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SGarza: WhyService-Learning

Why not?

You have to do the work for a grade anyway, and by engaging in service-learning, you get some added benefits.

Benefits of participating in a service-learning project:

Thomas Deans, one of the leading scholars in the field of service-learning, points to three ways to engage in service-learning: writing about the community, writing for the community, and writing with the community. The approach I prefer to use is writing with the community. Any community partner I engage to work with my students understands that the needs of the students come first. These activities are meant to provide a learning environment for the students, and the community partners act as mentors in the learning process. The service-learning engagement is never set up to require that a student is responsible for producing some type of deliverable to the community partner. It is often the case, however, that community partners do benefit, and on occasion, come away from the partnership with a finished product they can put right to use.

A word of caution: If you have not engaged in this type of activity, especially within the context of the classroom environment, it is a little more open-ended than the typical student assignment that is laid out perfectly at the start with every requirement clearly laid out. The main assessment measures of this type of project comes through an evaluation of audience/purpose rhetorical contexts. While you will be given specifics for how to complete the project, you will be involved in making some of the decisions that may often be made for you within the context of a more "traditional" type of classroom exercise. Try not to be afraid of the decision making aspect, as that is part of what you are learning to do. The goal is not to make a perfect decision for every issue that arises, but however, to practice problem solving as you seek to find answers to these issues. And both I and your community partners will be there along the way to give you guidance in how to make the hard/rough decisions. Things may get messy at times, and you may feel that you are struggling at times, but those are normal things to expect when you work at this level of engagement. So try to enjoy the ride, and trust me that you will be very happy with the end product. And you'll probably realize at the end that you have learned a lot, but you will also realize how much more there is to learn.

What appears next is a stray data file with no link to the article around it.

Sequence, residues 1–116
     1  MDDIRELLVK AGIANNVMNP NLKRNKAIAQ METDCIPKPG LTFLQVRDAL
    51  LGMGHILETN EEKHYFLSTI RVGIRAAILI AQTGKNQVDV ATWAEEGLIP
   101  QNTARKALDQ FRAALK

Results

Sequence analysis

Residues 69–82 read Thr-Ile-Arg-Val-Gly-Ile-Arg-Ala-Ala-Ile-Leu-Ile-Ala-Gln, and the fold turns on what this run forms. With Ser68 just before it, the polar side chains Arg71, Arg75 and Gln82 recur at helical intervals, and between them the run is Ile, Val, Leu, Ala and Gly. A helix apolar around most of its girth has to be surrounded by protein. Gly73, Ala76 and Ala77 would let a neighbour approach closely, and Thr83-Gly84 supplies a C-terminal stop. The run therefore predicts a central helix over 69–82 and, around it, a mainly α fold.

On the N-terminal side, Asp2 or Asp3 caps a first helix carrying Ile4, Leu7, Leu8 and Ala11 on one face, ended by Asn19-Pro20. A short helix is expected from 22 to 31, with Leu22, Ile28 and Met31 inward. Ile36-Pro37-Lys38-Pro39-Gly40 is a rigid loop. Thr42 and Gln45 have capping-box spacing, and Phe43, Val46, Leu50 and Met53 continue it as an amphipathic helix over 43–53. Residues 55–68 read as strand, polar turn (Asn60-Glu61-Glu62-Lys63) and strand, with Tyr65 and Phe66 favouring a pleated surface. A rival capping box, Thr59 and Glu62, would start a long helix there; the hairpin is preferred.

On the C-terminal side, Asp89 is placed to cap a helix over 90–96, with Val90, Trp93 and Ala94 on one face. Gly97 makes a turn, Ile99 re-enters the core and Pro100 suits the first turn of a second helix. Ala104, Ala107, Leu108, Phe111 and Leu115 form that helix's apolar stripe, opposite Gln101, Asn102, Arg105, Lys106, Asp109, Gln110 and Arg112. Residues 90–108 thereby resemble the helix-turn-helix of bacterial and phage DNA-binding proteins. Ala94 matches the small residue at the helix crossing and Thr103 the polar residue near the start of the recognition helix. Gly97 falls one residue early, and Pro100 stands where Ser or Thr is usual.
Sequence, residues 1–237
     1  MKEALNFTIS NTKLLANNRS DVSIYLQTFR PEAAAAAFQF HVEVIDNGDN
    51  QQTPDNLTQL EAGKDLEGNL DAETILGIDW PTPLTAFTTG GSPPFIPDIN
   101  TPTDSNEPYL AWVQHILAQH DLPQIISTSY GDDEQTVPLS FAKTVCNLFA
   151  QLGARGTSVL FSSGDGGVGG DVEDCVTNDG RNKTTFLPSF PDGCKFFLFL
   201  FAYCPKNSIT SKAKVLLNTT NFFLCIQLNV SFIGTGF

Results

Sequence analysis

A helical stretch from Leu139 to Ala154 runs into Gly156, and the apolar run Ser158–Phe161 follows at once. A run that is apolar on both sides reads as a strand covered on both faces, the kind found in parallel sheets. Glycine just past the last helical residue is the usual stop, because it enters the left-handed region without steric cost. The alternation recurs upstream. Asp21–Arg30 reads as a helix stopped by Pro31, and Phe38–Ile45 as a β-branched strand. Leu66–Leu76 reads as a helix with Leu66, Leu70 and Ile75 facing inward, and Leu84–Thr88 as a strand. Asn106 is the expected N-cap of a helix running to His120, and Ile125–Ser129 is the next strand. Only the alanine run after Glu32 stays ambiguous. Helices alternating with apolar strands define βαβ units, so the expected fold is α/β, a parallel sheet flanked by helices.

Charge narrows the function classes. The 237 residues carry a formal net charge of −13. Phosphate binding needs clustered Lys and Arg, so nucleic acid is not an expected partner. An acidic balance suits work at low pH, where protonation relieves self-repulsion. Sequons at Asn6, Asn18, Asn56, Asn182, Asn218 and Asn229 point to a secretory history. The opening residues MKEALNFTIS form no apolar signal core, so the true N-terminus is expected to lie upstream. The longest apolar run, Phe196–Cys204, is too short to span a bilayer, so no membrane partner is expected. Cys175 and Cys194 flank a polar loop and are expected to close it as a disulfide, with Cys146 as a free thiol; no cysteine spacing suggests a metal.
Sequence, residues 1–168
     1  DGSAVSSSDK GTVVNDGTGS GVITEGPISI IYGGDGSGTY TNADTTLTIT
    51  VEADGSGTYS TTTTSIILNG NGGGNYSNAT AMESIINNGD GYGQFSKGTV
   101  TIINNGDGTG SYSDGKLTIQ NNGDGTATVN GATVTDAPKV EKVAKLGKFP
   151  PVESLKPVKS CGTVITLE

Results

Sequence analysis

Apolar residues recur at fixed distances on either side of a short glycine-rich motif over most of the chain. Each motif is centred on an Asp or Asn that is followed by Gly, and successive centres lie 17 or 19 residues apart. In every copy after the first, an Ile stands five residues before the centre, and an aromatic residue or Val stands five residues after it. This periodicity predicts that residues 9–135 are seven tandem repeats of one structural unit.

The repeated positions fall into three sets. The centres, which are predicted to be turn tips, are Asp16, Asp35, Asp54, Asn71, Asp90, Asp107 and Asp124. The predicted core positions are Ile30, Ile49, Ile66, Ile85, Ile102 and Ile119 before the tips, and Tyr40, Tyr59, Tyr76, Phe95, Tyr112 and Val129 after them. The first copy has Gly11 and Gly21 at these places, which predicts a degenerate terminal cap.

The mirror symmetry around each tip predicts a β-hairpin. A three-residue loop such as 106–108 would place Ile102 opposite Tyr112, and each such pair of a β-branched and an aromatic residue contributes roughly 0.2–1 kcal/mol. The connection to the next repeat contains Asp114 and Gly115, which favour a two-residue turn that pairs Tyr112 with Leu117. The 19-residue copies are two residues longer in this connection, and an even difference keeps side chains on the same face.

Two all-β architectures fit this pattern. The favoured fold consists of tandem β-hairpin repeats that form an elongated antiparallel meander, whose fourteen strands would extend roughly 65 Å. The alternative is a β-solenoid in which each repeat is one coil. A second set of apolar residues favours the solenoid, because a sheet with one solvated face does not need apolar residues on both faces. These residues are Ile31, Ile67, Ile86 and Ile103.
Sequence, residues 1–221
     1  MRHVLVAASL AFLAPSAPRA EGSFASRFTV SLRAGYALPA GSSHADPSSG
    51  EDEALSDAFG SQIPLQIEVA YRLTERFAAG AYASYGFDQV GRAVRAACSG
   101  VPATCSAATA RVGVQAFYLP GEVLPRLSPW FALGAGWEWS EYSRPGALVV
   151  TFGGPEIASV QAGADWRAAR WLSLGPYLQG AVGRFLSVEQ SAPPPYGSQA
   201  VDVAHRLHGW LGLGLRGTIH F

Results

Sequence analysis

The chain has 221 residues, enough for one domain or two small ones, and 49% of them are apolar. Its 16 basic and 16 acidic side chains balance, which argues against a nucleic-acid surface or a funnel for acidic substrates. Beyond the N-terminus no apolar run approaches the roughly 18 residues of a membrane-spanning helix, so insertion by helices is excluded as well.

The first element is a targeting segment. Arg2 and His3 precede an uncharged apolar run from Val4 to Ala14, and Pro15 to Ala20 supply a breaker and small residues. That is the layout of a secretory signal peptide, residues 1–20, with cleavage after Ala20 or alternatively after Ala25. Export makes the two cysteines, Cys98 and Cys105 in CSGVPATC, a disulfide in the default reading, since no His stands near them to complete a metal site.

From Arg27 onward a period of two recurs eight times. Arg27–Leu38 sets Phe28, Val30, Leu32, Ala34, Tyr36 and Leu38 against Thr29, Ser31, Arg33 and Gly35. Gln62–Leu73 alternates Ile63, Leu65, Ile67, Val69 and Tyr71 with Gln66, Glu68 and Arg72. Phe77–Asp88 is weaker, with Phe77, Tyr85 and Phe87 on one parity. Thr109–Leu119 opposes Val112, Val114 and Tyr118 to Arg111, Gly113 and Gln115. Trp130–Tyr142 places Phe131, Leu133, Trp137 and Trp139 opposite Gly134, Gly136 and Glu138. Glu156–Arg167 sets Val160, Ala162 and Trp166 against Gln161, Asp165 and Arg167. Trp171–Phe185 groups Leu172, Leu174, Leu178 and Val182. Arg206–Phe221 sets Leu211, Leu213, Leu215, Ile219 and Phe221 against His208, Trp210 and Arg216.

What's most important is the engagement itself, learning about how to engage in this type of activity, gaining a better sense of real world audiences, perhaps experiencing some raising of critical consciousness, and practicing rhetorical and technical decision making.

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Page last modified on August 27, 2010, at 12:50 PM CST